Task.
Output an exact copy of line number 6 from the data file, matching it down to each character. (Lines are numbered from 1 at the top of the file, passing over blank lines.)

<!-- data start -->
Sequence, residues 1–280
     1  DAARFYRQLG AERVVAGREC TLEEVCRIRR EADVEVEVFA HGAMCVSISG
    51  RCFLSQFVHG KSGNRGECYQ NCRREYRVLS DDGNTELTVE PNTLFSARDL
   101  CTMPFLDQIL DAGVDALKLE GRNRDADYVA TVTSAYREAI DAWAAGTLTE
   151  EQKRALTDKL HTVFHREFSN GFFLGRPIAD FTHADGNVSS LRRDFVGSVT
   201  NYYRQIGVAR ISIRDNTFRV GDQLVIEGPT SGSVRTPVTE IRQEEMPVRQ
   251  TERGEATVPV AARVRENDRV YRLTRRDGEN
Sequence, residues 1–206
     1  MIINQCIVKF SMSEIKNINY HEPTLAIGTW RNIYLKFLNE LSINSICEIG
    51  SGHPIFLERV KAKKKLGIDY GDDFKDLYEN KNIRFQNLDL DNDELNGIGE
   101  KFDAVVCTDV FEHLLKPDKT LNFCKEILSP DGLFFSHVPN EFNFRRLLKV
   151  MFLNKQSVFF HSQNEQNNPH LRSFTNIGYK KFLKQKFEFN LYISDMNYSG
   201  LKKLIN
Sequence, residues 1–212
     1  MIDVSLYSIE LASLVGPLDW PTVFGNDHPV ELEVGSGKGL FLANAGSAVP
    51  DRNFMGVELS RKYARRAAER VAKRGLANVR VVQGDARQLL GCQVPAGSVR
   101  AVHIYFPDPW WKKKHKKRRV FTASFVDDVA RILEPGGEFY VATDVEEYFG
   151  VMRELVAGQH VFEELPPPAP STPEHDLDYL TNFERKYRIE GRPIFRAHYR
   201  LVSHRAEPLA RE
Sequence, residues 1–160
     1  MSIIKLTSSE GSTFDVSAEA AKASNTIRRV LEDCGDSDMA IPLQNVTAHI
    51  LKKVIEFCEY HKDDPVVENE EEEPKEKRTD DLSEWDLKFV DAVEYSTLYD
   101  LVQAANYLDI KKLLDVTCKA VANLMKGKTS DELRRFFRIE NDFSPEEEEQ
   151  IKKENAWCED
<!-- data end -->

   201  NYYRQIGVAR ISIRDNTFRV GDQLVIEGPT SGSVRTPVTE IRQEEMPVRQ